"Well it's a deep sense of satisfaction", Federer told reporters after his milestone victory.
Men may come and men may go, but the GOAT goes on for ever.
"Sometimes at the beginning you get there just because you play so well".
Federer surpasses Andre Agassi, who held the top spot aged 33 years and 131 days in 2003, as the oldest man to claim the world number one spot. Pete Sampras is a distant second with 286 weeks at the top. "Roger will win at Wimbledon again and have a good fall and I can't see anybody passing him", she said.
With his return to the top of rankings, Federer added another feather to his illustrious cap - becoming the oldest world number one at 36 years 195 days.
Federer, who won his 20th Grand Slam in the Australian Open last month, became the number one for the first time in February 2004, and in this way he made a new record for the longest interval between being one of the first and his achievements of the present.
Although Roger Federer might not be literally close to old age, he is certainly nearing the twilight of his illustrious career, but going by form and fitness, the maestro is far from being over with his heroics on the tennis court.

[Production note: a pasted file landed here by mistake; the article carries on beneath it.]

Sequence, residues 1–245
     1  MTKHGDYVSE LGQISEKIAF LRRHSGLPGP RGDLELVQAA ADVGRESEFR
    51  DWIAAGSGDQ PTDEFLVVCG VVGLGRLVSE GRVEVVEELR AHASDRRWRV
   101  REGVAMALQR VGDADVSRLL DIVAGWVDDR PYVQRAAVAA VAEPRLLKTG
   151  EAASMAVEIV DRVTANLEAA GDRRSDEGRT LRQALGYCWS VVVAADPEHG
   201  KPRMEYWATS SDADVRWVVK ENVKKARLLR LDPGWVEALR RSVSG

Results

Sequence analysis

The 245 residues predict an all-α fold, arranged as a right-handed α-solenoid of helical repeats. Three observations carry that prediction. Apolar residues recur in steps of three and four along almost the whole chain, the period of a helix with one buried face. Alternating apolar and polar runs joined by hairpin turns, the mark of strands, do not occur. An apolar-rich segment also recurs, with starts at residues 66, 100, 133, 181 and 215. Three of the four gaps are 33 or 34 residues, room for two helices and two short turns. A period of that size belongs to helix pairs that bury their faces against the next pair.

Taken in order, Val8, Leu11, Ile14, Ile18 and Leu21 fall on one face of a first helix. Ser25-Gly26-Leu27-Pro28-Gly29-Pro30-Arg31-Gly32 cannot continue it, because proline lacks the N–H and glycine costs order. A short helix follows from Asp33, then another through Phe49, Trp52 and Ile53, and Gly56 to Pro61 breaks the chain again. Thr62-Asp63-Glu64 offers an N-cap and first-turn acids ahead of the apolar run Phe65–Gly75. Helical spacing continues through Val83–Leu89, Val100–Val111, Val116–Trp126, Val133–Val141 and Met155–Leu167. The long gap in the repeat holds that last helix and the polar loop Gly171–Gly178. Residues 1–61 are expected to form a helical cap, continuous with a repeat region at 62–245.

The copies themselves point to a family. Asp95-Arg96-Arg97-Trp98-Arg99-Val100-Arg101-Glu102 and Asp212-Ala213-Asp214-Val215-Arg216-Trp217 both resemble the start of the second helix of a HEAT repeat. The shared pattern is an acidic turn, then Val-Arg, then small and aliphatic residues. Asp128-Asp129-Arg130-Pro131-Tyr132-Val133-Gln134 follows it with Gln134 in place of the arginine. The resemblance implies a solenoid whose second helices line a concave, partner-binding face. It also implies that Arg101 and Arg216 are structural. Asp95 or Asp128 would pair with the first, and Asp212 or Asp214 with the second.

"It was great that I had to play for it this week", he said.
"This is an exciting challenge, I've struggled to try and get there".
Federer admitted he was taking his status as the new top dog in his stride.
"The goal (this time) was to be world No. 1 for a week, that's plenty for me", he said. No. 1 is a tough place to get to. The eight-time grand slam title victor writes, "36 years 195 days.@RogerFederer continues to raise the bar in our sport".
What can you not expect the legendary Roger Federer not to do?
The man himself was happy to be part of a great day for his country.
Top seed Federer, who notched his 14th win from 15 matches against Seppi, will take on second seed Dimitrov in the final on Sunday.